Funny comes in many forms. And at the Alternative Comedy Memorial Society - a fortnightly gig hosted and curated by John-Luke Roberts and Thom Tuck at the New Red Lion Theatre in North London - every single one is welcome. In fact, as the name might suggest, the more left-field the better; this is a place for experimentation, creativity and big-hearted fun.
Already notorious (and well-loved) for its epic bills, Roberts and Tuck are usually joined by a few of their fellow Society 'board members' - including but not restricted to Sara Pascoe, Tom Bell, Nadia Kamil, Bridget Christie and William Andrews - in addition to several special guests who are encouraged to try out new material.
And just in case having a good eight or nine acts isn't enough for your £8, audience members are also treated to unique, funny and often very silly ideas and sketches from the hosts that you won't see anywhere else, plus permitted heckles (fun needs rules), musical interludes, mini-plays... It's all put together with a beyond-the-call-of-duty level of care, in other words, and this has rightly earned the night a very dedicated following since its inception in March this year.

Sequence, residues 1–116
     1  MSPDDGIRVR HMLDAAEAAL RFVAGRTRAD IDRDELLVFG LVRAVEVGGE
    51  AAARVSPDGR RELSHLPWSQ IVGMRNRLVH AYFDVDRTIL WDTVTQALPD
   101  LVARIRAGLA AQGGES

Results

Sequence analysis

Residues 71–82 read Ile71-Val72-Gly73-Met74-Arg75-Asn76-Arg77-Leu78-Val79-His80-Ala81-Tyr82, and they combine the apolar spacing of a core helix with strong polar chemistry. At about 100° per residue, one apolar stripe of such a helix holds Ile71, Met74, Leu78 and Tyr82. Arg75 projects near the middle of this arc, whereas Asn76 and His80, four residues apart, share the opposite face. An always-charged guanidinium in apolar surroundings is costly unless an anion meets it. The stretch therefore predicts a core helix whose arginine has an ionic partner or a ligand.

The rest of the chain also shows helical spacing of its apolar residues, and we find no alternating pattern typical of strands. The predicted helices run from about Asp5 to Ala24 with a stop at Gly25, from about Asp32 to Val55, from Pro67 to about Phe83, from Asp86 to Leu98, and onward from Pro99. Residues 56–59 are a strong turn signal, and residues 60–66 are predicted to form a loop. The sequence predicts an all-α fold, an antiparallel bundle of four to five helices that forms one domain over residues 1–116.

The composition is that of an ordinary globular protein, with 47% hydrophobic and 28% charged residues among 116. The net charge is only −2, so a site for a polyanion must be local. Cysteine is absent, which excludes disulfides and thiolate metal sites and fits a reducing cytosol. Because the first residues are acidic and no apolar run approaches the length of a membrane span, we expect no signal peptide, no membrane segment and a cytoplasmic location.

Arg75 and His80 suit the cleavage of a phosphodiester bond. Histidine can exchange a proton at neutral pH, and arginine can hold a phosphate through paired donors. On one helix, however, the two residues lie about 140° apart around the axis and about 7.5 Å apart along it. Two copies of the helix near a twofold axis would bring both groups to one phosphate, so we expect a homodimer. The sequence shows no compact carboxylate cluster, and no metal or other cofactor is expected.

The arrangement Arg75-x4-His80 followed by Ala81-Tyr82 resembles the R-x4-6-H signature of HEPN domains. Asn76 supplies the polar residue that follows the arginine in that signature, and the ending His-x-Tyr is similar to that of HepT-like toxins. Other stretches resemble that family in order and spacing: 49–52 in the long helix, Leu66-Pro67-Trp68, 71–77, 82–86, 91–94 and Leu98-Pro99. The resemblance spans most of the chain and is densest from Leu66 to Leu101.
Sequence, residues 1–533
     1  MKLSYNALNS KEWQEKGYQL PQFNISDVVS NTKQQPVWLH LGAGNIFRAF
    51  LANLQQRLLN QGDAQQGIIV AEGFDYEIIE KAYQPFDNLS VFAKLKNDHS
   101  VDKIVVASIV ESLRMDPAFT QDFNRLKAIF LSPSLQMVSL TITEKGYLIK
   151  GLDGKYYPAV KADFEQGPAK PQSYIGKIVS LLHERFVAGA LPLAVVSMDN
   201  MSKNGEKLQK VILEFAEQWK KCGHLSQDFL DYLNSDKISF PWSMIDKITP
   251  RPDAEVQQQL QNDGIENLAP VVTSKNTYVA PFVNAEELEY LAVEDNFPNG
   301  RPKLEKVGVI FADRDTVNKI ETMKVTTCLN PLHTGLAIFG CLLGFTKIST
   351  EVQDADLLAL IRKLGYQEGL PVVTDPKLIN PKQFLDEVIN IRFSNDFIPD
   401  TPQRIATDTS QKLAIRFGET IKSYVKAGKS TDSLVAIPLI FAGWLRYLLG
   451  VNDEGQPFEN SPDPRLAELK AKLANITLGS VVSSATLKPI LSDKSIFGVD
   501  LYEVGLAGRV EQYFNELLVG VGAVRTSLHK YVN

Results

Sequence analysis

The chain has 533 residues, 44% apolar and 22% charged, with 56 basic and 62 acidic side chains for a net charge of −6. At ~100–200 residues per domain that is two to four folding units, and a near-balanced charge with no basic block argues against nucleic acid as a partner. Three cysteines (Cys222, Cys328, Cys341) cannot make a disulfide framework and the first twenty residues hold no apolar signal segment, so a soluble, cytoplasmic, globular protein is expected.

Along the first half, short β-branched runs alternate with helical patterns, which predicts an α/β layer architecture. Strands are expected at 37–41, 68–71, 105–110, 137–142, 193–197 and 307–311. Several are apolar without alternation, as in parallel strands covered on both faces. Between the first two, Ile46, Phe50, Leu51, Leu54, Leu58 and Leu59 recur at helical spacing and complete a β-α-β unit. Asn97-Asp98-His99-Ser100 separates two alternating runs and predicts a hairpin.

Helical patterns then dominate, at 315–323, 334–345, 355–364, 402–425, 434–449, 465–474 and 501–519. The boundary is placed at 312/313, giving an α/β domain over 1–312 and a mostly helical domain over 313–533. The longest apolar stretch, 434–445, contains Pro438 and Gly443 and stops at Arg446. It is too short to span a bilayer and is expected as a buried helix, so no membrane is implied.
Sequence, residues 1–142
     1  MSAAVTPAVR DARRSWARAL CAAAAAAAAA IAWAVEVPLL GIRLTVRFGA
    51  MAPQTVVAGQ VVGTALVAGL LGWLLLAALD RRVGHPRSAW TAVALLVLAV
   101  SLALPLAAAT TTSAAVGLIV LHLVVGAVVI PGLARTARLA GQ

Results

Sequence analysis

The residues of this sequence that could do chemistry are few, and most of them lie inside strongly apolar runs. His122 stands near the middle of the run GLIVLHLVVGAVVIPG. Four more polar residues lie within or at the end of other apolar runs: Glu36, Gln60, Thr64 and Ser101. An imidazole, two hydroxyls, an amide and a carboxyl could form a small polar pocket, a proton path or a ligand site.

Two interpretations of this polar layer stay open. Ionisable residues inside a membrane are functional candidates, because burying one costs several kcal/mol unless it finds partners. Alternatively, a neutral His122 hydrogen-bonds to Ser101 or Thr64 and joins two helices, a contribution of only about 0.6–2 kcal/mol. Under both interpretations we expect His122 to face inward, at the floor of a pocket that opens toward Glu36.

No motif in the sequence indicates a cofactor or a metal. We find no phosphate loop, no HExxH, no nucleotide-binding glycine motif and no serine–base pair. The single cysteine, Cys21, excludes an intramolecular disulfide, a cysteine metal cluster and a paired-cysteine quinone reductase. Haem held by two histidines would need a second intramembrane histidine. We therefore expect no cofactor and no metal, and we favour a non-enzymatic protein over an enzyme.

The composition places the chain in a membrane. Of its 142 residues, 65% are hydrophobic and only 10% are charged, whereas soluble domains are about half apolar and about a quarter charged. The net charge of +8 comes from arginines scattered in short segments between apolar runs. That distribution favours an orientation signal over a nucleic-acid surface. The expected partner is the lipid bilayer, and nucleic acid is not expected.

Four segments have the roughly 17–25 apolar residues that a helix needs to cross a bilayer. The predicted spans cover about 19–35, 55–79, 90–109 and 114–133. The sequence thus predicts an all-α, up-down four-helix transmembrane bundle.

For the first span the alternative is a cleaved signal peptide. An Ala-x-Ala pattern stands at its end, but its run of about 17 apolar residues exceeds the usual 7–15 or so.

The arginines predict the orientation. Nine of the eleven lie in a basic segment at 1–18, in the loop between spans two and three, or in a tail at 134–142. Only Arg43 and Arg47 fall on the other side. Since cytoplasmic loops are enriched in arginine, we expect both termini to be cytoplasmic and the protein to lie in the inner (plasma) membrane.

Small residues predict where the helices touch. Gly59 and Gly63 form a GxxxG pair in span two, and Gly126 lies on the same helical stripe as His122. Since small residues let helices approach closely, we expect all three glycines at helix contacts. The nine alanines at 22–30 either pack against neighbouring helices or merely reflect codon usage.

And the first ACMS after an enforced Edinburgh Fringe-related hiatus was as varied, unexpected and high-quality as ever. There were, of course, too many acts to go into detail about each, but highlights included the very talented and scarily young Eleanor Curry (pictured) celebrating her nerd tendencies, Bell performing a really rather good interpretive dance to the strains of Colin Firth's Oscar speech, the brilliant Mike Wozniak proving that his comedy-strength does not reside Samson-like in his now-ex moustache, and a blindfolded Tuck having to guess which fruit was being hurled at his head. Yes, but is it art?
The night's headliner, musical comedian Tom Basden, got into the spirit and performed a "genuinely new" song about inept under-cover police officers - which is a keeper, by the way - and closed the show with a beautiful, gag-free and utterly un-ironic cover of Abba's Mamma Mia at Thom Tuck's request.
There is a convention at ACMS that each act leaves the stage to a call of "a noble failure!" - but frankly, very little of what I've seen ever has come anywhere close to failure. Often rough around the edges, regularly odd, and sometimes, I'm sure, never-to-be-seen-again, but very rarely what one would describe as a failure - and occasionally very special indeed.